•  playtherookies says:

        @shmiity013. Im with you. Im just a big fan of Patterson. Hes a cross between reggie bush, roddy white and hakeem nicks, gonna be a stud and w more experience a top 10 pick if not top 5. Im hoping he gets caught smoking weed or gets arrested for pissing in public or something stupid so he falls to us in round 1 or 2.

    •  GmenMania says:

      There’s no way we are drafting Cordarrelle Patterson. WR is probably the only position besides QB that we are most set at. JR doesn’t trade up, and he certainly won’t for a WR. And Patterson won’t be there when we pick. Patterson will also probably be gone by the time Dallas picks, probably to the Dolphins.

      •  playtherookies says:

        @gmenmania Im ok with him going to the dolphins. But they are the same dolphins who drafted Jake Long over Matt Ryan. I dont want him anywhere in our divison though if not on the giants. And especially the cowboys. Laugh all you want. Patterson and Bryant make them a 10-11 win team and we dont have the defensive coordinator that can stop a wr tandem like that. See Atlanta Falcons game as example. And if you are the giants why wouldnt you draft the best wr as back pocket insurance incase nicks or cruz leave or get hurt. Wr may seem like a position of strength today but things change fast.

  7.  fanfor55years says:

    O’Hara’s probably right, but Obama’s a basketball guy anyway. What does he know?

    Although the President might want to try wearing a helmet if he goes up to Capital Hill to negotiate on the budget and the deficit issues. That will be full-contact sport.

  8.  Krow says:

    No Kettle Chips for O’hara.

  9.  GOAT56 says:

    The truth is Obama’s comment isn’t political. I understand given who Obama is his comments will be taken as such but this is how many parents feel. Several current and former NFL players have expressed similar concerns. However, O’hara is not wrong either. This is a very personal parenting discission that’s is understandable either way.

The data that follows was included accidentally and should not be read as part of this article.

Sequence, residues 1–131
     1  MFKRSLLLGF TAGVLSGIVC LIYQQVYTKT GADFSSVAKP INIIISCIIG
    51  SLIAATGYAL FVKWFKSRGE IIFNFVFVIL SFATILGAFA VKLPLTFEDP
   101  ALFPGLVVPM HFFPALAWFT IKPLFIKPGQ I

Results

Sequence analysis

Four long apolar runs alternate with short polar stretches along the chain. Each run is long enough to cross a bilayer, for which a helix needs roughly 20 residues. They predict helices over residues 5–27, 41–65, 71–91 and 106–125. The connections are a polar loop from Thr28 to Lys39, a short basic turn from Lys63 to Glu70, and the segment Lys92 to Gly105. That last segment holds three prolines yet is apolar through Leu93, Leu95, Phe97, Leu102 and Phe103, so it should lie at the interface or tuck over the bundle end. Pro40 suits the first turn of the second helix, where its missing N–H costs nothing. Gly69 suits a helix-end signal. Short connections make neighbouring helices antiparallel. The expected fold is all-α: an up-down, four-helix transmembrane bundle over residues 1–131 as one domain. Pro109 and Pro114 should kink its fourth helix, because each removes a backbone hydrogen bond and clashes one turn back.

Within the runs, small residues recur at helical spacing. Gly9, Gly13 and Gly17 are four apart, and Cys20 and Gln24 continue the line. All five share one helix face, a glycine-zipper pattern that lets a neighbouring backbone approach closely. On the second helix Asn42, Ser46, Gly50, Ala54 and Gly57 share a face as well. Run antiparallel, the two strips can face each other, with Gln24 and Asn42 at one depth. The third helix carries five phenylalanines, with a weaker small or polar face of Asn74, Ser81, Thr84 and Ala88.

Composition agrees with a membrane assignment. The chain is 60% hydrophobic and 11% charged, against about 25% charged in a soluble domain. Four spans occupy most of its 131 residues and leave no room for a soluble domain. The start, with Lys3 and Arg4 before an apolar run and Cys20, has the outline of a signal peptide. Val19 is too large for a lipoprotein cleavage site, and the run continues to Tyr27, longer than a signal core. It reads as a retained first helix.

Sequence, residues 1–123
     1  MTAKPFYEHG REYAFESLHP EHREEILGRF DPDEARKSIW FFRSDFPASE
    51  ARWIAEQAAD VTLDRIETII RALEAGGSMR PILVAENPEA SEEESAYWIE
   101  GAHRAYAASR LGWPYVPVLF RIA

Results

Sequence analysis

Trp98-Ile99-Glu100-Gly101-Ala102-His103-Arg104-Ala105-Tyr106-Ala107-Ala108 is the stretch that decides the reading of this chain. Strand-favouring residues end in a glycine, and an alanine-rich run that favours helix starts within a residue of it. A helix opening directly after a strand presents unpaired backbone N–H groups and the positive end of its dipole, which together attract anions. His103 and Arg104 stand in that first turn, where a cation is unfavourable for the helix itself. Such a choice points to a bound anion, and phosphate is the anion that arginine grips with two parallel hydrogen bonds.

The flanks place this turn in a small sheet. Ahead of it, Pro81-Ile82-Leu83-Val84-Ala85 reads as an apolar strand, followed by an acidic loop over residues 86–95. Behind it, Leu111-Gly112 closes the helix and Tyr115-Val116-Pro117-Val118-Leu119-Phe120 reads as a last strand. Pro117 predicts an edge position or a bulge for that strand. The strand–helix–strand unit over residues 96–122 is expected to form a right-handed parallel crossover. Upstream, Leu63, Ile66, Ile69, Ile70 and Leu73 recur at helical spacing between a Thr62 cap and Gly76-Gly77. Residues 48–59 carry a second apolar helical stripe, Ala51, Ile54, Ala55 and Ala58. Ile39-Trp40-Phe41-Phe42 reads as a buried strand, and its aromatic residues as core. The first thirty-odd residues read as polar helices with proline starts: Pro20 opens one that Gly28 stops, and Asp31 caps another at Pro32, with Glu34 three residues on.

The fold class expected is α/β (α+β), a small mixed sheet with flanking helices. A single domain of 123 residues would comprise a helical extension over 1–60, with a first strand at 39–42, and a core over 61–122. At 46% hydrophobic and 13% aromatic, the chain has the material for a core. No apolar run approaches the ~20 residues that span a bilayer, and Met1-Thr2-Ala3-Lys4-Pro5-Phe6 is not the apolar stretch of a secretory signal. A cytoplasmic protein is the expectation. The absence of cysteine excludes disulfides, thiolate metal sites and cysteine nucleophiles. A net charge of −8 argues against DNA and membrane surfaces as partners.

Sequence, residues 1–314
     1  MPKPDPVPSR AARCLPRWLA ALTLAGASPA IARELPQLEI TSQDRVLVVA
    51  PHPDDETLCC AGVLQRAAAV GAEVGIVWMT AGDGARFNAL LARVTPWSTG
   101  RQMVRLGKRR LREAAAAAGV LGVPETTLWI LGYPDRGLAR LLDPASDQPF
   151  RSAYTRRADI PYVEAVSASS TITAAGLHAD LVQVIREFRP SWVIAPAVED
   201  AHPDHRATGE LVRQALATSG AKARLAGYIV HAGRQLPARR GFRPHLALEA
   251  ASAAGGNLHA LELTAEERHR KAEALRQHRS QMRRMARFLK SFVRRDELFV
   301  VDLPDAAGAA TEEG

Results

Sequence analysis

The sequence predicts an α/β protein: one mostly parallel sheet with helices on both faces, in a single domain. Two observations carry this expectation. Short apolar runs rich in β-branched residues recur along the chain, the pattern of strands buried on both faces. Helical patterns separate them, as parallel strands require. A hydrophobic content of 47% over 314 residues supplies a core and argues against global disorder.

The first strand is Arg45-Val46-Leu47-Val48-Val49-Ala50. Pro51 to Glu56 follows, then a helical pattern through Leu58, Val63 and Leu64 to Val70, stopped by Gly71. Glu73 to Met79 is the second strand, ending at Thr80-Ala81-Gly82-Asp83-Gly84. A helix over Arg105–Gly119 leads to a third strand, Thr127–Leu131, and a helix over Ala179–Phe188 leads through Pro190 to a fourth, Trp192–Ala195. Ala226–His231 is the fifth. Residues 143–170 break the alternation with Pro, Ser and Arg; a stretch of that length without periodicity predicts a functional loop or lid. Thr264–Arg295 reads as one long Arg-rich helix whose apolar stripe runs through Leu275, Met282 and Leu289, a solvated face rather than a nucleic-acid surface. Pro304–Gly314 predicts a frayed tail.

•  Hanshi says:

      Anything any president says is political whether he wants it to be or not. Even if he’s speaking as a parent, he’s the president and his words carry the weight of the presidency.

    •  Krow says:

      It’s one thing to say you disagree with someone. Quite another to say that person behaved irresponsibly. That’s a character attack … and when leveled against a politician then it’s political by fiat. This is where O’hara crossed the line.

      •  Hanshi says:

        I’m not an Obama guy in any way but whether he’s speaking as a president or a parent, it’s his opinion and he’s entitled to voice his opinion. I for one disagree with his opinion and so does O’hara but all three of us have every right to voice our opinion. It’s still a great freedom in this country to freely disagree with our politicians on anything and everything. And Obama has the same freedom to disagree with O’hara too.

        •  Krow says:

          Agree 100%. But there’s disagreement … as ‘I think the President is wrong in what he said’ … and personal attack … as in ‘the President’s statement was irresponsible’.

          It’s really two different things. One impugns the statement … the other impugns the man.

          •  Hanshi says:

            I didn’t hear O’hara’s comments so I didn’t hear the tone in his voice but it doesn’t read as a personal attack to me. In any case, I’m sure Obama can handle it. Any president has to be use to attacks. But you and I are cool and we both can disagree without being disagreeable.

      •  Hanshi says:

        I kind of have to agree with O’hara in that Obama seemed that he could speak as a parent but he always speaks as the president and he can’t forget that his words carry that weight. It would be irresponsible for him to believe otherwise.

        •  Krow says:

          What parent doesn’t have some reservations about a child playing any sport with a significant chance of injury? To do otherwise could be considered irresponsible. If fact if you examine both statements they’re pretty much the same. The President says he’d have reservations … O’hara says he’d let his son play, but would make sure he was taught the safe way. That means he has reservations too.

  10.  G-MenFan says:

    Football.
    It’s not for pu$$iez.